wsj.com — Some CBS Corp. directors are concerned that recent leaks from the investigation into alleged sexual misconduct by the broadcaster’s former chief executive, Leslie Moonves, could result in legal exposure for the company or people found to have failed to prevent the disclosures, people familiar with the situation say.
wsj.com — Two New York City peace officers were placed on modified duty Monday after they forced a woman holding a 1-year-old to the ground at a city agency’s office and removed the boy from her arms with the help of New York Police Department officers, city officials said. The two peace officers work for the city’s Human Resources Administration, and at the time of the incident were assigned to a Brooklyn office that administers food stamps, according to city officials.
wsj.com — Subway riders should notice faster travel times in the coming months, Metropolitan Transportation Authority officials announced Monday. Transit officials said they are raising speed limits at dozens of locations and fixing hundreds of faulty timers that have forced train drivers to go slower than speed limits allow.
wsj.com — A unit of Olympus Corp. agreed to pay $85 million to resolve allegations from the U.S. Justice Department relating to a medical device widely used in hospitals that was linked to so-called superbug infections. Olympus Medical Systems Corp. pleaded guilty in a Newark, N.J., federal courtroom to three counts of distributing misbranded medical devices.
wsj.com — Britain’s miserable Brexit debate took another bad turn on Monday when Prime Minister Theresa May delayed a vote on her withdrawal agreement with the European Union. At this late date there still is no consensus in Parliament on whether or how to proceed—and most of the ideas lawmakers are floating are bad in one way or another.
wsj.com — White House chief of staff John Kelly in June. Photo: Evan Vucci/Associated Press There are many unpleasant jobs in the world, but somebody has to do them. One is being Donald Trump’s chief of staff, and so as he prepares to be liberated from White House bondage this month, John Kelly deserves the nation’s gratitude. Mr. Trump on Saturday announced the former general’s departure “at the end of the year,” after the typical death by a thousand White House whispers.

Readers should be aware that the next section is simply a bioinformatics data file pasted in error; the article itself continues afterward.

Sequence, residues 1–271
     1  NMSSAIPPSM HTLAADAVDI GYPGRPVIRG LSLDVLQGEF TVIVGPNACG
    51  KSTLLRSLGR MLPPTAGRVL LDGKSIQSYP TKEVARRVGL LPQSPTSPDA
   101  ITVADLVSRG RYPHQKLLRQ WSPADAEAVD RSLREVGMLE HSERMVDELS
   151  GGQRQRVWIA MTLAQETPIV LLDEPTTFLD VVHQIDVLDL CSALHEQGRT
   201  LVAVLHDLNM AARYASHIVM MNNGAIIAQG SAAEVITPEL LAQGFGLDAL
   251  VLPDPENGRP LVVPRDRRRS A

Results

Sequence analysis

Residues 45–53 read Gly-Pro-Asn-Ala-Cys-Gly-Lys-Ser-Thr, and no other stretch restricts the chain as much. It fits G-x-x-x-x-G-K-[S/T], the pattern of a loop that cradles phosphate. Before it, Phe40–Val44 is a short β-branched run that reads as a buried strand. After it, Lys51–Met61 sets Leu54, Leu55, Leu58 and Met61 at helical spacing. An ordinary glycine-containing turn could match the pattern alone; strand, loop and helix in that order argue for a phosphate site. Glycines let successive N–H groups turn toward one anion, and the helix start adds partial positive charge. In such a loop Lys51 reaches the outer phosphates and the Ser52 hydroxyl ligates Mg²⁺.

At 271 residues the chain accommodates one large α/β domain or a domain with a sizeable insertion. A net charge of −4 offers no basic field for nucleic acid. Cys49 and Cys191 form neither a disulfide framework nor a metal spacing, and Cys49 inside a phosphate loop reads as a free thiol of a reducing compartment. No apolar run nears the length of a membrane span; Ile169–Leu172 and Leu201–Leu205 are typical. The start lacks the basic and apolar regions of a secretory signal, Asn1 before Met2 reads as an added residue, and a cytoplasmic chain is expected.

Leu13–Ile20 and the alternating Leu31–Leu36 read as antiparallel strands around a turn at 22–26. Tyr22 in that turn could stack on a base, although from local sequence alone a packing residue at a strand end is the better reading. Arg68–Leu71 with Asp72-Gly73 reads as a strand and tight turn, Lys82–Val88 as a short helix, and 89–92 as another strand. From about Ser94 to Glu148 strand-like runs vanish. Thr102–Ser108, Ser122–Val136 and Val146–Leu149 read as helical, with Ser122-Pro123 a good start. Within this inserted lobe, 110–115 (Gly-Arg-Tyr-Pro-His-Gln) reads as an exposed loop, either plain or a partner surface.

wsj.com — Queen’s “Bohemian Rhapsody” is the most-streamed song from the pre-streaming era and the most-streamed classic rock song of all time, according to Vivendi SA’s Universal Music Group. Released in 1975, the song made for an unlikely smash hit. At six minutes long, it is twice as long as a typical pop song and shifts musical gears repeatedly, from sensitive ballad to operatic drama to hard-rock anthem.
wsj.com — Almost everywhere you turn these days, someone is claiming that capitalism is facing an existential crisis. Alexandria Ocasio-Cortez, the 29-year-old who will soon be a congresswoman from New York, declares that our “no-holds-barred Wild West hypercapitalism” is on the way out.
wsj.com — The same driving forces have propelled every strong American economic recovery since World War II: a sustained rise in business investment and increases in new-home building. The resulting increases in the demand for credit have driven up interest rates. As the current recovery builds and extraordinarily low interest rates normalize, the economy will begin to feel for the first time the effects of the unparalleled borrowing of the past decade.
wsj.com — Photo: Getty Images/iStockphoto I burst out laughing when I read the rejection letter. I’d sent a TV news station a cover letter, a video of my reporting work, and a photo of myself with Gerald Ford. The letter began: “Dear Mr. Siegel.” I hadn’t been mistaken for male since I was 5. That time, I was in the park and a woman instructed my elder sister: “Tell the little boy to stop picking the leaves.” I’ve avoided short haircuts ever since.